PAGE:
Medication

Medication is frequently used in conjunction with brief psychodynamic psychotherapy. This can complicate the treatment and its progress as well as aid in symptom recovery. The therapist must explore the meaning of the medication and its role in the patient's view of himself or herself and interpersonal strengths and vulnerabilities. At times, brief individual psychodynamic psychotherapy can also serve as an alternative to medication treatment for less severe symptoms or when medication is contraindicated. In the modern world of psychiatry, medication may be begun during the initial brief psychodynamic psychotherapy and then continued after the psychotherapy has formally stopped and the patient is followed with less frequent meetings to monitor medication. This sequence has many advantages including resolving present stressors and precipitants, encouraging medication compliance, and ongoing medical follow-up after therapy either in maintenance or intermittent frequency. Another course of brief dynamic therapy may be indicated at a later date if the response to combined treatment is ineffective or if new problems appear. Often patients are more comfortable with the combined and sequenced treatment than are therapists. Greater education of clinicians and research on this combined and sequential treatment is needed.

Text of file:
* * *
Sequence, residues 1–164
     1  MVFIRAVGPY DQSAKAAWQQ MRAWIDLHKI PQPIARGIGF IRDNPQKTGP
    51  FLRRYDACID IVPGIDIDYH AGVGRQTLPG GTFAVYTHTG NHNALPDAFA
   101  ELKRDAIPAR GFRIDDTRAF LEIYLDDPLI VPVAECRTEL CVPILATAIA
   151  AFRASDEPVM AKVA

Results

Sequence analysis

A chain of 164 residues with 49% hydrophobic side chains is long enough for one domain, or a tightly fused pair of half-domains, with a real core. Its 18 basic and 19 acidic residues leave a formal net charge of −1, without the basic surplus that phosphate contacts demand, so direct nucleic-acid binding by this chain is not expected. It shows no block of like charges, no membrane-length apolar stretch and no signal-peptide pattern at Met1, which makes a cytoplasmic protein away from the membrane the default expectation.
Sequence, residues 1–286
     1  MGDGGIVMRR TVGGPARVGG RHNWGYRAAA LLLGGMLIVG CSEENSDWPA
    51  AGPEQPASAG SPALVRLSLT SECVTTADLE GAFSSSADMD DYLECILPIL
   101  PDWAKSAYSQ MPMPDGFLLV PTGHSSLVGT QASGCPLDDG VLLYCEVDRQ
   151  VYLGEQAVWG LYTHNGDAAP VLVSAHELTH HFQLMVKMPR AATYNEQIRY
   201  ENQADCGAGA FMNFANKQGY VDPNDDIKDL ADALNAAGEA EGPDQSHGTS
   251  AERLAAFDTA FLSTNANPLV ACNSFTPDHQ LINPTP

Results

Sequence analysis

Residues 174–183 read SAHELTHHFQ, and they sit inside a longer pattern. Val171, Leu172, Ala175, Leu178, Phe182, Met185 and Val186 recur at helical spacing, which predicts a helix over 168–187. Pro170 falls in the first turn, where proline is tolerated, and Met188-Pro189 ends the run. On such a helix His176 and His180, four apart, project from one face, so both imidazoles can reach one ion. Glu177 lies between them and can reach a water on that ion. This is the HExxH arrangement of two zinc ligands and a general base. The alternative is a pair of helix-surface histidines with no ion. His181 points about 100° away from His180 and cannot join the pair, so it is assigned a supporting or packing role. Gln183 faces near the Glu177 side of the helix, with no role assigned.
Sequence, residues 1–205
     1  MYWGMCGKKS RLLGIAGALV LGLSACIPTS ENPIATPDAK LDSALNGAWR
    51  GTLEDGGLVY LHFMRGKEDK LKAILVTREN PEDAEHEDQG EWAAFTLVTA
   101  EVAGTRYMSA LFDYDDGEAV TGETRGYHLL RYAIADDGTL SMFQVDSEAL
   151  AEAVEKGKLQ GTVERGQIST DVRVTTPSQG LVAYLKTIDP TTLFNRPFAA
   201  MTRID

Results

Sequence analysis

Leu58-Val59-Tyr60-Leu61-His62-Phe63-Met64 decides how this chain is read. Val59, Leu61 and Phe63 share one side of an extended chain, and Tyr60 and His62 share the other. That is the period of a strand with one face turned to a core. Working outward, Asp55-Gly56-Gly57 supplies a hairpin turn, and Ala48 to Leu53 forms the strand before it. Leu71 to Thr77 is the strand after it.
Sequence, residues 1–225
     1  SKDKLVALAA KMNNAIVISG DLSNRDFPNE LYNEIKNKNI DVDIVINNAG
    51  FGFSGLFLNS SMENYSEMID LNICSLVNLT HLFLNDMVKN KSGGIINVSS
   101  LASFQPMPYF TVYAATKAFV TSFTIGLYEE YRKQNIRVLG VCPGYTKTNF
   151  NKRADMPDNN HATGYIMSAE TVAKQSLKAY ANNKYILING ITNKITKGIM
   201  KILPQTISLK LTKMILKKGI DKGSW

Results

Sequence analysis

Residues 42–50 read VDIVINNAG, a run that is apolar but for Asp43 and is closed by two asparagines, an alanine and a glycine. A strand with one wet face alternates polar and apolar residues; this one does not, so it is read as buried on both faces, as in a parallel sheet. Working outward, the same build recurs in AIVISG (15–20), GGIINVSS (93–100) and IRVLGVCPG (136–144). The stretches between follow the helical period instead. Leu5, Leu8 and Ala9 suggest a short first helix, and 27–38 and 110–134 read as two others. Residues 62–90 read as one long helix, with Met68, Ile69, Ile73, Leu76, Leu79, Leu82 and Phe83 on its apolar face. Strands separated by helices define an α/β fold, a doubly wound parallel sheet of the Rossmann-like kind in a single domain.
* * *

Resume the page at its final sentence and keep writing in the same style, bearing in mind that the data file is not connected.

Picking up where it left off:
Break Free From Passive Aggression

Break Free From Passive Aggression

This guide is meant to be of use for anyone who is keen on developing a better understanding of PAB, to help/support concerned people to discover various methods for helping others, also, to serve passive aggressive people as a tool for self-help.

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